Design and the City is a podcast by reSITE, raising questions and proposing solutions for the city of the future. In the seventh episode, Christopher Cabaldon, the longest-serving mayor in West Sacramento’s history, an LGBTQ+advocate, talks about the urban regeneration of his city, from a former industrial town to an urbanized, livable community.
West Sacramento, one of the most livable small towns in America, underwent an incredible transformation during mayor Cabaldon's on-going 20-year-long office. From a once-abandoned industrial city at the core of the California region, “West Sacramento has become a fascinating story of regeneration in the most fundamental way”. Originally a professor of public policy at Sacramento State University, Christopher Cabaldon has been behind the remaking project.
Considering the Regeneration process as “something that happens in a place, by a place”, Cabaldon discusses how unpredictable the whole procedure is. In fact, he states that “there is more of a sense of delightful surprise in regeneration, in an understanding that the forces that shape a place are more nuanced, more complex, more interesting than just the planners”.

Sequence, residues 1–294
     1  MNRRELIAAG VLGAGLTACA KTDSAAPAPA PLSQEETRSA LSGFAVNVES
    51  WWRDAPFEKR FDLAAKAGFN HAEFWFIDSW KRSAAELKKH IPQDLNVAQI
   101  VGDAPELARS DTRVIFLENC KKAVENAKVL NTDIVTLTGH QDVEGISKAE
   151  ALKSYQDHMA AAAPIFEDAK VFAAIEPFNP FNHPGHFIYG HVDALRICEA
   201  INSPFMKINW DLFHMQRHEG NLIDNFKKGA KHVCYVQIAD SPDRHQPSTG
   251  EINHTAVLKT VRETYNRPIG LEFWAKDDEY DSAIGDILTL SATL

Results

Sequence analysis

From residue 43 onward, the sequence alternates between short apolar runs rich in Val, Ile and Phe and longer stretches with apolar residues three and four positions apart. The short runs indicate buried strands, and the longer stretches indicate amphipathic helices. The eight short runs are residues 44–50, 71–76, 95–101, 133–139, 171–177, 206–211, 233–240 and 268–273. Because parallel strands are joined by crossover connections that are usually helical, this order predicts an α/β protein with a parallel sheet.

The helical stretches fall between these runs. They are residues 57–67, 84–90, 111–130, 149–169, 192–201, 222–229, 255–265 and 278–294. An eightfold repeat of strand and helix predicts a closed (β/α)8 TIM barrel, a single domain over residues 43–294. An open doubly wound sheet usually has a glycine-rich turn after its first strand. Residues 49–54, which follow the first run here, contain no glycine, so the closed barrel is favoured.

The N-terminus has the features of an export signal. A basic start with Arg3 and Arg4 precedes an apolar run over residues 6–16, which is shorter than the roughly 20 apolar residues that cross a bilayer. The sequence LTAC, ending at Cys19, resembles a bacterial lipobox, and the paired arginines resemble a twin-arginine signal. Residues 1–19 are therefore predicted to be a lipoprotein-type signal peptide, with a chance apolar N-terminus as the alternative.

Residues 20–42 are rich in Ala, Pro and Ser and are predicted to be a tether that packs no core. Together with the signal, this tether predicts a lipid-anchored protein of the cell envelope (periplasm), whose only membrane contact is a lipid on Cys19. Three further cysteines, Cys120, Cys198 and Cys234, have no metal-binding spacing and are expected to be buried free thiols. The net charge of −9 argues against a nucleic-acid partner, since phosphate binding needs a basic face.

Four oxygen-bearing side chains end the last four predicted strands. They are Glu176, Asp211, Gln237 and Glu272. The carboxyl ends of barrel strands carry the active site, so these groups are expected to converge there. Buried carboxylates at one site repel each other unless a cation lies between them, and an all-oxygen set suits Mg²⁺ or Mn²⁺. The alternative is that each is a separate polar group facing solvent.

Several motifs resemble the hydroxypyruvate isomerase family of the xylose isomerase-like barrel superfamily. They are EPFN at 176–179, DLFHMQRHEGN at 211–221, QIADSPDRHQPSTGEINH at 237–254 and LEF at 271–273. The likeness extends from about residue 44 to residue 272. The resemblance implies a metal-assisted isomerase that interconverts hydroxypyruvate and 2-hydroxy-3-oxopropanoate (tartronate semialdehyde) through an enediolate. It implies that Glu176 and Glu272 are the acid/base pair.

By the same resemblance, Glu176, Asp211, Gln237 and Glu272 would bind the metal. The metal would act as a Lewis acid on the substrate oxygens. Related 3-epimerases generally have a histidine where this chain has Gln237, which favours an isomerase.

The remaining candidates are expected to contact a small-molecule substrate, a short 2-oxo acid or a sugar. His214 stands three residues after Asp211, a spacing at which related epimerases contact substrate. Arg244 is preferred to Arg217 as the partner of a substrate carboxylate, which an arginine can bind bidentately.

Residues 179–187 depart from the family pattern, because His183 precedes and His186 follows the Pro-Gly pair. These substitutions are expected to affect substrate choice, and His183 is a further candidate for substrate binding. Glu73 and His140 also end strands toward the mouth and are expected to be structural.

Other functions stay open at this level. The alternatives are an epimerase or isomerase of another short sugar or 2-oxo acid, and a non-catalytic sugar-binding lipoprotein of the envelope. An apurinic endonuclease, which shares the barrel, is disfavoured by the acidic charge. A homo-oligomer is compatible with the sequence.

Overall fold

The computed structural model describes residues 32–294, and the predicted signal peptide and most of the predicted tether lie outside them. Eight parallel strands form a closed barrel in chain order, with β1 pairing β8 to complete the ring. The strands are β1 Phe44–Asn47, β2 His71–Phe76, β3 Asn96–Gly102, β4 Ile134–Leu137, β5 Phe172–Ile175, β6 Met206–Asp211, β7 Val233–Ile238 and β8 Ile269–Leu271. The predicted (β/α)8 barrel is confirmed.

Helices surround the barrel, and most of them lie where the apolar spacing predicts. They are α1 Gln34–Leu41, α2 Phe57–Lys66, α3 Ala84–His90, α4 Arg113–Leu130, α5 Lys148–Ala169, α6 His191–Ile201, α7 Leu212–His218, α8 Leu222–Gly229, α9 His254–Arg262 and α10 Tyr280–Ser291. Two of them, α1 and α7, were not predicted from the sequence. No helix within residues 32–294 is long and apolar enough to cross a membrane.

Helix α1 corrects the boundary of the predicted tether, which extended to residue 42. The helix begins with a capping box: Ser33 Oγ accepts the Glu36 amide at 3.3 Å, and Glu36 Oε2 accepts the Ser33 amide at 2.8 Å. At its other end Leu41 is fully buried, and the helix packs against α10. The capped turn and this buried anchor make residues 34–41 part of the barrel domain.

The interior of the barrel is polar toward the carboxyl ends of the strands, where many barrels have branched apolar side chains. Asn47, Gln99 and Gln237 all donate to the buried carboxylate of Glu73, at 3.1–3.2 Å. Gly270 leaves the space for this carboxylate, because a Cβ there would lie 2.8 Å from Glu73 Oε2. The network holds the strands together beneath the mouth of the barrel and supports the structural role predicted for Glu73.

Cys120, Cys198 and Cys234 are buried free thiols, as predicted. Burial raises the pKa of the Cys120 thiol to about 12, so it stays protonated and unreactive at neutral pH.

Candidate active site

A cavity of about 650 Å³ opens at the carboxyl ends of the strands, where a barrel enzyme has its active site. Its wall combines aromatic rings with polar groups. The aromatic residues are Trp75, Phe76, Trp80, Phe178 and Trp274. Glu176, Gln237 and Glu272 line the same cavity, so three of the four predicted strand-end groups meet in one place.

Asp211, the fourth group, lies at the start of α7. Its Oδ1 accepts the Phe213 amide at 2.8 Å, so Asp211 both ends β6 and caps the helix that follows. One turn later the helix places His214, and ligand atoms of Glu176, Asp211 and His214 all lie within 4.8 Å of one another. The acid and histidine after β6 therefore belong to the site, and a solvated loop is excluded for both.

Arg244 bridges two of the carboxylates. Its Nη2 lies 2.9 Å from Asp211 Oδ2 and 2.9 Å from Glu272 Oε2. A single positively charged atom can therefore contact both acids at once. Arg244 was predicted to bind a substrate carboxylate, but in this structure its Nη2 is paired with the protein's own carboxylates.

Talking about his city and his experience, the transformation put in place a mix of people, each contributing something. “It's a mix of people living together in ways that we didn't experience much. It's more urban than prior patterns in the Sacramento region have been. It's urban in a way where there's subsidized housing for low-income folks living right next door to a judge, to the mayor, to a university chancellor combined with art for the first time”.
Moreover, on California’s experience with placemaking, Cabaldon explains that the state invests not only in building subsidized affordable housing but also in creating a community for people to live in. With a fund just for public art, the city is a space of expression.
The biggest challenge faced in many cities around the world is affordable housing. For West Sacramento, the biggest task is dealing with affordability crisis not just in the city but also, with thousands of people coming from San-Francisco who cannot find a place to live there. The other challenge would be to reduce the cost of building. Finally, Cabaldon says that “part of our challenge is building a lot more and that's some part of that is on land use regulations and on financing but we're not going to crack that until we also deal with the cost of housing that we've created”.
ReSITE, a global non-profit acting to improve the urban environment, launched its first podcast, Design and the City, featuring nine speakers from the reSITE 2019 REGENERATE event. Revolving around how we can use design to make cities more livable and lovable, every week, a new episode is released, featuring a new guest.